"The Drunkard's Walk: How Randomness Rules Our Lives," by Leonard Mlodinow

Towards the end of his wonderful book "The Drunkard's Walk: How Randomness Rules Our Lives," the physicist Leonard Mlodinow quotes Max Born:
Chance is a more fundamental conception than causality.
And that's what Mlodinow has been proving, as he takes the reader on a road trip through the history of the development of modern techniques of statistical analysis, with some detours into personal reminiscence along the way. Starting from the concept of randomness, and moving through the basic principles of probability, the development of statistical explanations, and the law of large numbers, Mlodinow wears his learning lightly, and expresses it well. His explanations of the theory behind technical concepts like the law of large and small numbers, standard deviation, and variance are clear.

Human beings like to identify patterns in events, but our intuition often fails us. Seeing patterns where there were really just random events can result in large-scale shared illusions: Mlodinow cites the late 19th century craze for seances as an example. He discusses the availability bias -- the tendency to give available memories extra weight -- in simple, memorable terms, and shows how details that fit our mental picture add credibility to a scenario. He does the same thing with confirmation bias, the tendency to search for a way to prove that an idea is correct, while ignoring ambiguous or contradictory evidence. Mlodinow gently takes the reader to his conclusion that in random variation there may be patterns, but the patterns are not always meaningful. And then he offers some useful ways of overcoming our natural inclination to error:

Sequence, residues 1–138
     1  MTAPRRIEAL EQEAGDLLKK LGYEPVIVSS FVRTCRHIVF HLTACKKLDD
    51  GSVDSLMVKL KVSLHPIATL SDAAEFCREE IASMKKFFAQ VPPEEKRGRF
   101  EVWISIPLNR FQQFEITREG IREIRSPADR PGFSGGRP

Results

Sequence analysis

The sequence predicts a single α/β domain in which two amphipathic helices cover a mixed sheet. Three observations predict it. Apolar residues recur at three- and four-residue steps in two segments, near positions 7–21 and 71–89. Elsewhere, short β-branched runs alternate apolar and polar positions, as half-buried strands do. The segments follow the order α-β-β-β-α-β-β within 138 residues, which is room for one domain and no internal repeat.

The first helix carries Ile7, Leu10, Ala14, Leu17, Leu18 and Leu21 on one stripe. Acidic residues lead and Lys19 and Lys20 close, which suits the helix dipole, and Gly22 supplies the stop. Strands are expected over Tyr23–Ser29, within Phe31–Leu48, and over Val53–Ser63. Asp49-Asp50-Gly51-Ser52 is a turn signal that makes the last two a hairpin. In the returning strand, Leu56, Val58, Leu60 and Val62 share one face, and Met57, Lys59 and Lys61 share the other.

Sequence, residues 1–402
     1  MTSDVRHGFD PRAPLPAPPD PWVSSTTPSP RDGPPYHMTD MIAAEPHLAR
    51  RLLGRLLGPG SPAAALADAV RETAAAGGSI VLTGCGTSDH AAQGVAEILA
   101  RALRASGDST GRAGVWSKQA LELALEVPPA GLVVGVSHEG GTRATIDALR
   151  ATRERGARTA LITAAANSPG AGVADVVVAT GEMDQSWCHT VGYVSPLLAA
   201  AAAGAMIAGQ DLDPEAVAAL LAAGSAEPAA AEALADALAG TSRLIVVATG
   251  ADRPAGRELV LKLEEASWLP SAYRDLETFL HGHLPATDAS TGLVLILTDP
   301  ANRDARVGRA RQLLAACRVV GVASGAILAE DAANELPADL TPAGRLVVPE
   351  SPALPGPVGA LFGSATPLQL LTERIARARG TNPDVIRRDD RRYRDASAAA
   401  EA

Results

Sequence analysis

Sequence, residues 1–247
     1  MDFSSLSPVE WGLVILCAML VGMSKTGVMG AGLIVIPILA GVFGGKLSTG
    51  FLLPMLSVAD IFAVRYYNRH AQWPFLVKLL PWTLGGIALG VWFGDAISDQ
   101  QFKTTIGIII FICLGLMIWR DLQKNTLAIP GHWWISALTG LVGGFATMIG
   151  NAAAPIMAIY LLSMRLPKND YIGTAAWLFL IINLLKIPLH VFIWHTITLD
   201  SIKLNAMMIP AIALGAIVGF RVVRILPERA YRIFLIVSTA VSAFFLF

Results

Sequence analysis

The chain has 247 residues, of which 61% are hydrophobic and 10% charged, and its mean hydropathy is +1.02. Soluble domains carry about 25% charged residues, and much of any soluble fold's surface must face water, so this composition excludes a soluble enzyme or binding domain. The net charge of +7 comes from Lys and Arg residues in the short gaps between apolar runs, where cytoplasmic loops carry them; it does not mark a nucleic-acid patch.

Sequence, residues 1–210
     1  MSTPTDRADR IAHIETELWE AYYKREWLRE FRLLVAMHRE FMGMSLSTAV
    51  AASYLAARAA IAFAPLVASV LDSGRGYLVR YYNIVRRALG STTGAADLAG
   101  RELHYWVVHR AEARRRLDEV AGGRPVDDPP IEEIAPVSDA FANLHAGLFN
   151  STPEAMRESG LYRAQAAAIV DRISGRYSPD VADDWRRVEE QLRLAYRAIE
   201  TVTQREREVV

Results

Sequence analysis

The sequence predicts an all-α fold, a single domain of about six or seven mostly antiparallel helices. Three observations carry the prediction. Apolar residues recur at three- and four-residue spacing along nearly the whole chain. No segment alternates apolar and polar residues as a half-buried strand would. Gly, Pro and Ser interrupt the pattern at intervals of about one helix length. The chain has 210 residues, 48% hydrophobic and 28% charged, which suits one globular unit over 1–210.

1. Remember that chance events can produce patterns.
2. Question perceptions and theories.
3. Spend as much time looking for evidence that you are wrong as you spend looking for evidence that you are right.
I've discussed these concepts before, but they're worth repeating. And Mlodinow takes a theoretical approach, while remaining completely accessible to the general reader. It's a fascinating book, well worth reading.

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